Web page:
Stannis’s daughter, Shireen, misses her friend the Onion Knight. Stannis, not being one for tact, exactly, tells her Davos is a traitor and is lying in a dungeon cell. She visits Davos later and offers him some books on Targaryen lore. One problem, however: Davos can’t read! No problem, Shireen says: She’ll teach him.
Across the Narrow Sea, a more modern Targaryen is inspecting the troops. Meanwhile, Daenerys’s advisers, Jorah Mormont and Barristan Selmy, are reliving the memories of some old campaigns back in Westeros. But there’s an edge to the banter. Jorah doesn’t quite trust the newly arrived Selmy, not least because there’s a chance that Barristan knows he used to spy for King Robert, and knew of the attempt on Daenerys’s life back in Season 1 (the poisoned wine plot, not the more recent failed assassination by glowy scorpion).
Back in Westeros, Robb’s bannerman Lord Karstark, breaks into the cells at Riverrun and slaughters the two captured Lannister boys as vengeance for his own sons, slain by Jaime on the battlefield. Robb’s in an unfortunate situation now -- justice demands that he take Lord Karstark’s head, but in one stroke he would lose half of his army. Like a good Stark, he picks the honorable yet inconvenient route of beheading one of his closest allies.
But now Robb’s in a conundrum. He doesn’t have the forces to assault King’s Landing, and if he retreats to the North, there’s no way he’ll be able to muster the men to march south again. Soon he hits upon the idea of striking the Lannisters at home -- the rich, less defended lands of Casterly Rock. But he’ll still need an army to replace the lost Karstark forces, and for that he needs to turn to the house that he dishonored by marrying Talisa and forsaking his betrothal promise -- the Freys of the Crossing.
Cersei tells Littlefinger that she suspects the Tyrells are up to something, and charges him with investigating it. He quickly discovers their plan to marry Sansa off to Loras, with the aid of a pretty boy placed to catch the Knight of Flowers’s eye. Littlefinger meets with Sansa, to see if she’s still willing to go with him back to the North. But now her dreams are less of Winterfell and more of Highgarden, and she seems less inclined to leave.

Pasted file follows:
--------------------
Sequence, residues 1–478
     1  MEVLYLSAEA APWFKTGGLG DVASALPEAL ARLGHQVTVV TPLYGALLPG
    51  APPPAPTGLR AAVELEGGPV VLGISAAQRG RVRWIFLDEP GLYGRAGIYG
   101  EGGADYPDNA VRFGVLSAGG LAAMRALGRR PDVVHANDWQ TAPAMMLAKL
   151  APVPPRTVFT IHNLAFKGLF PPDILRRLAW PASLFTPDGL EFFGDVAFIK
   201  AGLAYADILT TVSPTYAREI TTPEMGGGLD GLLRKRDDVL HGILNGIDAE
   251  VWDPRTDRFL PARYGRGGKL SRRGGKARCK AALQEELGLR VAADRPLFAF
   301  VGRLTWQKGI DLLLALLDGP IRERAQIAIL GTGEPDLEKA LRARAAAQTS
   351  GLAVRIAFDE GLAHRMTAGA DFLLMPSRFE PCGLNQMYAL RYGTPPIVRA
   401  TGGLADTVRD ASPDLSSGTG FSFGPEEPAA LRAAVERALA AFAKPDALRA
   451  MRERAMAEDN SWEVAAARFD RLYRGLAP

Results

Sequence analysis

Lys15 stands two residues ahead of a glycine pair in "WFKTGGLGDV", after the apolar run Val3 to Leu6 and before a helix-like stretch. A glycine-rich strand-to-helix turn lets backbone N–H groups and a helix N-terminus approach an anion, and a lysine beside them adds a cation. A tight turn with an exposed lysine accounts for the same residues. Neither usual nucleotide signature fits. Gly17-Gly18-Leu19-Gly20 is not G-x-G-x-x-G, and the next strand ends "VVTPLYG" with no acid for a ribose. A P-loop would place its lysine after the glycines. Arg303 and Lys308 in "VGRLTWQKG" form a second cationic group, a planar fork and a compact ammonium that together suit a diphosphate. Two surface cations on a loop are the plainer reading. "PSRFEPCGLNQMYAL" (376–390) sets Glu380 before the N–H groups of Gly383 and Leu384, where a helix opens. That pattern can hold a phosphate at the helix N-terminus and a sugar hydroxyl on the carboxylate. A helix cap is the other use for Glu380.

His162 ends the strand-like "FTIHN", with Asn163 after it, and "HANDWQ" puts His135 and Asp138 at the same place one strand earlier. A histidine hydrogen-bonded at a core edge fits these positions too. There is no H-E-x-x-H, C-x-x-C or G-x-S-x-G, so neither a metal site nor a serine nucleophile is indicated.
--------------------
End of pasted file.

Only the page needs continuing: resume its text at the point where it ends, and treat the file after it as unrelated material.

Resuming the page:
Tyrion, as the newly anointed Master of Coin, tries to convince Lady Olenna Tyrell to scale back the extravagance of Margaery’s and Joffrey’s wedding. But spectacle, Lady Olenna says, is the opium of the smallfolk: “The people are hungry for more than just food. They crave distraction.” Still, she agrees to have the Tyrells foot half the bill.
Tywin calls Cersei and Tyrion together, and delivers some curt orders to his children: They’re both getting married! Tyrion to Sansa, to secure the North, and Cersei to Loras, to put to rest all those pesky incest rumors. Neither of the Lannister children is particularly happy about this arrangement. So now we have three potential weddings coming up later this season, and the only one where at least one party is likely to be happy is the one with the most-hated character in the show. Hooray!
Stray thought: This episode might be the most bare buttock-heavy installment of the series yet.
Roxanne has liked science ever since she started watching "Bill Nye the Science Guy" on Saturday mornings over a bowl of sucrotic O's. She especially likes writing about...